PLACERVILLE, CALIFORNIA

Prospecting

Master Food Preservers: Pickles, relishes and sauerkraut

By July 29, 2011

What is a pickle?

The answer to the question, according to the Master Food Preserver handout, is that a “… pickle is any fruit, vegetable or meat preserved in vinegar or brine. Brine pickles are products fermented in salt brine. Relishes are prepared using chopped products and cooked in a spicy vinegar solution. Fruit pickles are fruits that are pickled in spicy, sweet-sour syrup.”

Learn how to pickle and ferment various foods at the free public education class offered by the Master Food Preservers of El Dorado County on Aug. 2, from 10 a.m. to noon at the El Dorado County extension building in Placerville.

For more than 4,000 years, people have been practicing the art of pickling, and it sometimes seems as though modern home food preservationists have been holding on to special family recipes for just about as long.

Are these recipes safe to use?

Preserving with tested recipes from approved sources assures the best success, but if Grandma’s recipe must be used, these guidelines from the Pacific Northwest Extension may keep the famous pickles safe for human consumption.

“Make sure that the recipe calls for vinegar that is at least 5 percent acidity. Quick-pickle recipes must have at least as much vinegar as water to be safe. If lime is included, the recipes must have a rinsing step. Brined pickles or sauerkraut recipes must include salt. Processing instructions must be correct. Quick-pickles can be processed as soon as they are made. Fermented pickles must not be processed until they have a sour taste.”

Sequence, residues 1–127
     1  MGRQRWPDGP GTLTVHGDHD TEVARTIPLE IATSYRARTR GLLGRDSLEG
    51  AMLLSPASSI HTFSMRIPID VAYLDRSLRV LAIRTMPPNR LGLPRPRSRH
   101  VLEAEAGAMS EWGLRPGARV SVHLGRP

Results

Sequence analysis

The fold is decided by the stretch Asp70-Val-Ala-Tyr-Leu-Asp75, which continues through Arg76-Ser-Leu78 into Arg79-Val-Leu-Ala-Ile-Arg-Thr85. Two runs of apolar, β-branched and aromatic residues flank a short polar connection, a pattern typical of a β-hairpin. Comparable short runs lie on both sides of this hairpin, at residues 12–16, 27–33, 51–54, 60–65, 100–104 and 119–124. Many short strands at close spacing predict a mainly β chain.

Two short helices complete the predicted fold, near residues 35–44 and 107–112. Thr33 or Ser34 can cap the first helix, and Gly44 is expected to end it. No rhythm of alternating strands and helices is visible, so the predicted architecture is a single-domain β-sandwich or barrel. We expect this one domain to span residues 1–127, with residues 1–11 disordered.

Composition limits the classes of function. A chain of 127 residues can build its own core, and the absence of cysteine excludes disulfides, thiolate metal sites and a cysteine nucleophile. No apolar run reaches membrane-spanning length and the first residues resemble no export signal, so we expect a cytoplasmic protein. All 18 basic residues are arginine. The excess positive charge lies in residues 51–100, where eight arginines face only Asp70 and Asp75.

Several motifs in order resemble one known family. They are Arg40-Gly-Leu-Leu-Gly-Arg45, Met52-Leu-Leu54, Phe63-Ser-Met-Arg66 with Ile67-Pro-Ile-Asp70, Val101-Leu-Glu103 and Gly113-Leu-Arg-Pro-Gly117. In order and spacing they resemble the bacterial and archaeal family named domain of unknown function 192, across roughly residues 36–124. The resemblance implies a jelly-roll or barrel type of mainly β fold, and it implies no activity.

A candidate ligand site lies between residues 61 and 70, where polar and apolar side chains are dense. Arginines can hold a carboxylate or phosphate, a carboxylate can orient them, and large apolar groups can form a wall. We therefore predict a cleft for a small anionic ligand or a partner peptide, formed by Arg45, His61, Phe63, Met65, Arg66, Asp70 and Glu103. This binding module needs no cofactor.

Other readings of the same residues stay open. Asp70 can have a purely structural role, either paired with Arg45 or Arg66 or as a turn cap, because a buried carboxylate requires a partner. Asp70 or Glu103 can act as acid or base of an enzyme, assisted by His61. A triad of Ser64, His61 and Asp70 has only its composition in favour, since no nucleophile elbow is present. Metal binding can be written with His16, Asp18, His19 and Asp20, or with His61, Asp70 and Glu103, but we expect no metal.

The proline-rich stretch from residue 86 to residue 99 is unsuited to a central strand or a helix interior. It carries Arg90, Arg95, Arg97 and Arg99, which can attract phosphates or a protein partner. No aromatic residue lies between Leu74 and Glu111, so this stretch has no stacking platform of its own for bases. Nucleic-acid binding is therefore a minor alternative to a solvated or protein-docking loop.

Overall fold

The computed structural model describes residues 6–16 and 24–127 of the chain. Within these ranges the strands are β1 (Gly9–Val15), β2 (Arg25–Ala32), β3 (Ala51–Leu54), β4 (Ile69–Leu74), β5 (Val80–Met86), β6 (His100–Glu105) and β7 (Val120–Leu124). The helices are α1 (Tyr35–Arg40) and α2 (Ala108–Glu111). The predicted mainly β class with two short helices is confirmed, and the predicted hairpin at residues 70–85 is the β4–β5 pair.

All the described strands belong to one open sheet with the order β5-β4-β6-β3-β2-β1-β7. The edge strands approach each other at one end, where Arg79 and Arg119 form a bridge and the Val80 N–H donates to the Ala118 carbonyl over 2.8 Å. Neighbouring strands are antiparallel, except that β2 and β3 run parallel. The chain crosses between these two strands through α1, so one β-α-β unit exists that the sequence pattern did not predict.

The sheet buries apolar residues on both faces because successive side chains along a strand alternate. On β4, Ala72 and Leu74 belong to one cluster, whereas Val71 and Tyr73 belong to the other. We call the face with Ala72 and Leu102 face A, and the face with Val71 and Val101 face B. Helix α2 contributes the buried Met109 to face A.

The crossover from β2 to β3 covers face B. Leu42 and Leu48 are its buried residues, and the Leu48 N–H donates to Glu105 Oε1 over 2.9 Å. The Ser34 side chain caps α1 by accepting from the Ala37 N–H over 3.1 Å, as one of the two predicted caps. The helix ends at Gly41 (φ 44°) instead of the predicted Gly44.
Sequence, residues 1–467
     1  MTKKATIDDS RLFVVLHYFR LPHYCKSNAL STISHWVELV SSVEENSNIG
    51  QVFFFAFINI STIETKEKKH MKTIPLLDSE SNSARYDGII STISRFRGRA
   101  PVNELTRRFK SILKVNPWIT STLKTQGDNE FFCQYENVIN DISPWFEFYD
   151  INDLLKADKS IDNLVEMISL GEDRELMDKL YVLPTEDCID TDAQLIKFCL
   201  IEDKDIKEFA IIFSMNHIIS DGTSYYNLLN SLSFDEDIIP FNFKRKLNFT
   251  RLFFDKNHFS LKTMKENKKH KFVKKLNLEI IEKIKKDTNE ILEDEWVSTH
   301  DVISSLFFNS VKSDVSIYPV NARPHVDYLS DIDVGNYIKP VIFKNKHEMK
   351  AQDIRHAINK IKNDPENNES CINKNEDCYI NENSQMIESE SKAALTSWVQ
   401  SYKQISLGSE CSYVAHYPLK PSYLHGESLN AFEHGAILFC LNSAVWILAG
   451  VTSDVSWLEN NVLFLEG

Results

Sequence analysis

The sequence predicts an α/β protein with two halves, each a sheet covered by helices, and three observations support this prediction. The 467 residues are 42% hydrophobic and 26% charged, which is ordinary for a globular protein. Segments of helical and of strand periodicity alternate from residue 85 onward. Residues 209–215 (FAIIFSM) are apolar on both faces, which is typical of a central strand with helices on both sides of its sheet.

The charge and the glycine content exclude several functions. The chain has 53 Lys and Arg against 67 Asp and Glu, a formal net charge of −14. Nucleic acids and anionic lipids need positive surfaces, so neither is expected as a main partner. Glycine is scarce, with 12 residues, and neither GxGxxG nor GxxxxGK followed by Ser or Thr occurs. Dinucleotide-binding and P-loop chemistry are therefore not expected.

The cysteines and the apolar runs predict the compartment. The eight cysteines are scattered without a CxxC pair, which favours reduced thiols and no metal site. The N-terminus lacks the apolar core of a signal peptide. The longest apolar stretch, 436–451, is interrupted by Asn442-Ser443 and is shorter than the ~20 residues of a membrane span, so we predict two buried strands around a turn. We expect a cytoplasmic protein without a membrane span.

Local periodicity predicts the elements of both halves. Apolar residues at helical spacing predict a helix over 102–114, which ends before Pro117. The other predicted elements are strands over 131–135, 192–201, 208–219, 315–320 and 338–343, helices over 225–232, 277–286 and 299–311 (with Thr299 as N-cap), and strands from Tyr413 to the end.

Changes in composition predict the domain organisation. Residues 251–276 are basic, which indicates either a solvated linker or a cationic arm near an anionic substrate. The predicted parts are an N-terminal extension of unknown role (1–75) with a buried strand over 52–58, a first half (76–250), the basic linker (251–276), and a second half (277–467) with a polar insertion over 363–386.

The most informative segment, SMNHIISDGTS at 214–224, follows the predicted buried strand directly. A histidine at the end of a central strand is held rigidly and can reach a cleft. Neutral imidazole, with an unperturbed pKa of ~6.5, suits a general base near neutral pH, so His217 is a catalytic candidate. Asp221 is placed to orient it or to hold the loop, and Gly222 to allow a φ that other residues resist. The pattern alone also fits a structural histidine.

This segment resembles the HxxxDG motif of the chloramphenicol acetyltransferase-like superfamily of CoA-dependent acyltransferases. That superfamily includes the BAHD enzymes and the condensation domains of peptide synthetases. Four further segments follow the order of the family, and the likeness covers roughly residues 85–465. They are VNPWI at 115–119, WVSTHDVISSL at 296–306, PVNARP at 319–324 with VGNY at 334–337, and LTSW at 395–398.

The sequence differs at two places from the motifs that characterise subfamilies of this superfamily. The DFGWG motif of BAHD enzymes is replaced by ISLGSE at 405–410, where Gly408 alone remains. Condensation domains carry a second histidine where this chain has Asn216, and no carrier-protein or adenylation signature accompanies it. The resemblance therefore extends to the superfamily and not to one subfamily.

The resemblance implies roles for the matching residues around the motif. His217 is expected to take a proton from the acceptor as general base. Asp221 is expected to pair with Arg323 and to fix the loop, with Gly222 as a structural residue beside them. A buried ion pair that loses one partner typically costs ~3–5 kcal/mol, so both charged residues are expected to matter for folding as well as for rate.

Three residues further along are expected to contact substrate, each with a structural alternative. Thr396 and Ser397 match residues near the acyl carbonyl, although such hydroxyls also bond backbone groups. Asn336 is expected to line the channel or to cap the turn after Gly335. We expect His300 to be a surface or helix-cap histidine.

Remember that recipes written after 1988 by land-grant universities, U.S. government agencies and canning supply manufacturers have been tested to the most up to date standards and can always be relied upon.

This simple recipe yields 4-5 pints of pickles and uses the boiling water bath canning process.

Reduced-Sodium Sliced Sweet Pickles

4 pounds (3- to 4-inch) pickling cucumbers

Brining solution:
1 quart distilled white vinegar (5 percent)
1 tablespoon canning or pickling salt
1 tablespoon mustard seed
1/2 cup sugar

Canning syrup:
1 2/3 cups distilled white vinegar (5 percent)
3 cups sugar
1 tablespoon whole allspice
2 1/4 teaspoons celery seed

Procedure: Wash cucumbers and cut 1/16 inch off blossom end and discard. Cut cucumbers into 1/4-inch slices. Combine all ingredients for canning syrup in a saucepan and bring to boiling. Keep syrup hot until used. In a large kettle, mix the ingredients for the brining solution. Add the cut cucumbers, cover, and simmer until the cucumbers change color from bright to dull green (about 5 to 7 minutes). Drain the cucumber slices. Fill jars, and cover with hot canning syrup leaving 1/2-inch headspace.

Adjust lids and process 10 minutes for pints.
Source: National Center for Home Food Preservation

Questions about safe home food preservation? Call the Master Food Preservers and leave a message at 530-621-5506. A Master Food Preserver will return the call.

The Master Food Preservers are also available free of charge to speak to organizations and clubs about food safety or food preservation topics. Just call the number above to arrange for a speaker for small or large groups.

For more information go to the Master Food Preserver Website at cecentralsierra.ucanr.org/Master_Food_Preservers/.

Ora Emmerich

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